Finding the Right Employee

Help wanted ads can be expensive exercises that waste time. Below are ten alternative ways to find employees, which take less time and yield better results:

1. Join an e-mail list. What e-mail lists do people in your industry, or people you are seeking to hire, subscribe to? Notifying the right e-mail list means you are targeting the job vacancy towards the exact pool of applicants you want to hire from, not the population at large. Also, because lists are moderated, they are not associated with lots of garbage, e.g. “get rich quick” schemes or invitations to porno sites. (Posting the same message on a bulletin board is likely to link you with just those kinds of messages.) If you don’t know of any e-mail lists, check with professional organizations, chambers of commerce, and industry organizations. For starters, you can also go to a list web site, such as, or

2. With more people working online, working from home at least one day a week, and email becoming the predominant mode of communication, meeting someone face-to-face has taken on its own sense of importance and heightened emotional connection. Almost every major city has mixers, whether they are hosted by chambers of commerce, industry-specific groups, or professional organizations. For additional oomph, find out from the sponsoring organization whether you can host a mixer at your business. Also, be sure to bring along one or two people who fit into the organization’s focus, e.g. if you are attending a mixer of engineers, bring one or two engineers from your company.

3. Is anyone in your pool of freelancers a potential full-time hire? Many people freelance until they find a company that truly impresses them, while others do so to be free from a 9-to-5 routine. Find out why these people decided to become one-woman or one-man bands, and see if your company has what they are seeking.

4. Does your company host a softball or bowling team? What about your company’s women’s group or minority employee group? Use these groups to publicize what kinds of people you are hoping to add to your company. If you’re a smaller company, check with all of your employees: Who among their friends and acquaintances are looking for jobs? People are more likely to respond to a job opening they hear about word-of-mouth.

5. Chances are, you have tried a recruiting firm at least once – but did you get the most out of the experience? Choose a firm that is willing to let you interview candidates before they come on board, or will ask the person to report for Thursday and Friday, with the option of having them return to work on Monday based on their performance. Also, try to choose recruiting firms which are centrally located, as those tend to attract the broadest pool of applicants.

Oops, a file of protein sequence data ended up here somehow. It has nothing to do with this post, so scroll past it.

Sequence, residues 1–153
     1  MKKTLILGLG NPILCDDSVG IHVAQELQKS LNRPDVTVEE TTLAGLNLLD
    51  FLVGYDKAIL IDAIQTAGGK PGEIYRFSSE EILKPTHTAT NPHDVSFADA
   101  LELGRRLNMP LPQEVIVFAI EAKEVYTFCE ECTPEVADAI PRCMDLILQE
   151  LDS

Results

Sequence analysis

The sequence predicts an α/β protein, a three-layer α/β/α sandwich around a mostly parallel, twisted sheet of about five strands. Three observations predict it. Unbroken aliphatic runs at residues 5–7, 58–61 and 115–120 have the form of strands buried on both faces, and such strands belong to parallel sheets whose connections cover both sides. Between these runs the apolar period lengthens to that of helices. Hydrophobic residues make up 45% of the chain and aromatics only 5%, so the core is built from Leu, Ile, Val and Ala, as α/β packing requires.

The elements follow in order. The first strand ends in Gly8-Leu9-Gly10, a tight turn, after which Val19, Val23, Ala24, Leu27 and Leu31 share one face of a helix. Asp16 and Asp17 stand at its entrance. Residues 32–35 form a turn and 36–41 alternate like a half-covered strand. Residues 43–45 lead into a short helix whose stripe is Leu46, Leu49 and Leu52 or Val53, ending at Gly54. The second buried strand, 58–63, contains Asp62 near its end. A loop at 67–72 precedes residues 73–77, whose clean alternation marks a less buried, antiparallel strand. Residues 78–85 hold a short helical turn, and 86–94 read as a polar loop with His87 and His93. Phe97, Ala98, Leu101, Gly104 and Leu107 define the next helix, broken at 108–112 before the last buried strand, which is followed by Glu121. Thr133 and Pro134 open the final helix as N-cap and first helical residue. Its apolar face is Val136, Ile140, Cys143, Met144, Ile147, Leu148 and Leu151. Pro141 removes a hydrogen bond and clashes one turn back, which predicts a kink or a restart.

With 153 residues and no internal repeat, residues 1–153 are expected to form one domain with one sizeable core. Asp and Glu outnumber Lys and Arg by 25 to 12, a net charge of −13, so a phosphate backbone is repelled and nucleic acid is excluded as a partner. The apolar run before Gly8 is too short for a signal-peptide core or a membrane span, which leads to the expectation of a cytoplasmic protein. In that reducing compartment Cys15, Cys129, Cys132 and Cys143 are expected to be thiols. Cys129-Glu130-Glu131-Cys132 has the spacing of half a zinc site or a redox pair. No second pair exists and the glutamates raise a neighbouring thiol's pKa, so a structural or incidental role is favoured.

6. Even in a booming economy, many groups of potential employees struggle to find work. Don’t hesitate to visit senior classes at high schools, college recruiting fairs, welfare-to-work initiatives, middle-aged job-search groups (such as 40-Plus), and other such functions. After all, you need to hire people efficiently; they need to find work quickly. It can be the perfect match.

7. Part of your search should include staying within your own office building. Do you share a building with other offices? How do those people like their jobs? What do they tell you about their work experience when you see them in the hallway, the restroom, the lobby? You get to fill a position quickly, while they continue their current commute arrangements (no small consideration with today’s traffic-packed roads).

8. Are there employees who could do the vacant job, and whose current job would be easier to fill? (Don’t overlook secretarial and other support staff, many of whom are well-educated and under-utilized in their current position.) Their company knowledge will help minimize the amount of time needed for any learning curve.

9. If the job you are seeking to fill is a high-risk/high-reward position, carefully peruse the business news pages of your local newspaper. Who just got promoted? Did someone else apply for the job? Is someone who served as an interim boss now having to make way for a permanent candidate? Who just received a 10 or 20 year award from their company? These people are likely to be seeking new challenges. Many with lengthy tenure at a company desperately want to jump to another firm; they are afraid no one will hire them elsewhere because of their long-term employee status.

10. Contact employers who have announced layoffs, especially if your hiring requirements are large or highly specialized. The company laying off gets help resolving a major issue, their employees get a chance at another job, and you get a pool of applicants eager to be hired.

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